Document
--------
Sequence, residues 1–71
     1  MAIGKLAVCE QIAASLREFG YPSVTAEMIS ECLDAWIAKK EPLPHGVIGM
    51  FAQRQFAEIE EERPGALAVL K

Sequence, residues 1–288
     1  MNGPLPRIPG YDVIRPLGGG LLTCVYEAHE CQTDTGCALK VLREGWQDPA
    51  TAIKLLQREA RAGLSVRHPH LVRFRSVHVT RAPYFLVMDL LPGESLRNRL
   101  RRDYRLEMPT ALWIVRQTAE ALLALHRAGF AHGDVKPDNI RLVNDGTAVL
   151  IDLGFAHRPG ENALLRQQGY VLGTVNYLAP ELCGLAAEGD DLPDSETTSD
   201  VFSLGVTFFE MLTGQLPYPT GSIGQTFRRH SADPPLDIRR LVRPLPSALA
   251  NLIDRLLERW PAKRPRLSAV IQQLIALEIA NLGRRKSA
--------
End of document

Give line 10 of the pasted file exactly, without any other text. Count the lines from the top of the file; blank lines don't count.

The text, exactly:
   251  NLIDRLLERW PAKRPRLSAV IQQLIALEIA NLGRRKSA